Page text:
To begin, the authors distinguish between stress mastery and stress management. The latter refers to being able to survive stress while the former refers to thriving from stress. The authors define stress as anything that causes an individual to have to adjust. Therefore, stress is an inevitable part of life. One prominent stress researcher, Hans Selye, divided stress into two categories: eustress (positive) and distress (negative). In fact, optimal performance on a given task is often achieved with moderate levels of stress.
Mastery of stress comes about from finding your own optimal stress level. High levels of stress can have negative effects on an individual’s physical and psychological well-being as well as on his/her career. Prolonged periods of stress overload the immune system, making an individual susceptible to infectious disease and cancer. They can also lead to heart attacks, strokes, stomach ulcers, and headaches. Stress also contributes to the development of psychological problems: anxiety, depression, substance abuse, aggression, insomnia, and relationship problems.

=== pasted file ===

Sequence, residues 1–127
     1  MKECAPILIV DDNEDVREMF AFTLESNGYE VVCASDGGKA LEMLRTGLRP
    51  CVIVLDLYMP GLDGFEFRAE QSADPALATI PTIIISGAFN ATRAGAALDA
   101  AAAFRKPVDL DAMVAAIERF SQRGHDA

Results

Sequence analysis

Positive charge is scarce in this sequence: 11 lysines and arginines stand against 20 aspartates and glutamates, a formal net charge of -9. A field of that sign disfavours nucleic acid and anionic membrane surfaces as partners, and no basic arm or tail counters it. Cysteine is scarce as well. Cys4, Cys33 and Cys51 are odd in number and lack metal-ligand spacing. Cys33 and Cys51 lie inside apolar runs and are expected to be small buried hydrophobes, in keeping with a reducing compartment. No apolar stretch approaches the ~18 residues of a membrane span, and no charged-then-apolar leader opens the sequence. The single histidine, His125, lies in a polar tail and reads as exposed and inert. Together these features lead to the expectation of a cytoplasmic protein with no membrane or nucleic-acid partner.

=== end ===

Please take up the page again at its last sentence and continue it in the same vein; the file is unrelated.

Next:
At work, stress can lead to accidents, absenteeism, loss of jobs, and decreased productivity. All of these adverse effects arise from the fight or flight response to stress, a physiological mechanism. This response allows us to take immediate action to any stressor. The problem with this adaptive response is that individuals react not just to actual stressors but also to perceived stressors. As such, our days are filled with the constant onslaught of stressors. It is rare that our bodies have the opportunity to return to a state of homeostasis (balance).
The authors describe a phenomenon called stress sensitization, in which an individual becomes acutely sensitive to even the slightest amount of stress. This phenomenon can even happen very early in childhood, and the effects can last into adulthood. Individuals can overcome stress reactions through laughter and positive thinking. The power of positive thinking is evident in the fact that the placebo effect has a strong impact on the efficacy of medical treatments.
This is an area of interest for researchers concerned with the mind-body connection. Some of this research has established in animals that the immune system is capable of learning from conditioned responses. In humans, stress has been shown to increase both the likelihood of falling ill when exposed to infectious disease as well as the length of time necessary to heal from wounds. In particular, stress from social isolation has been shown to be a strong contributing factor to weakened immune response.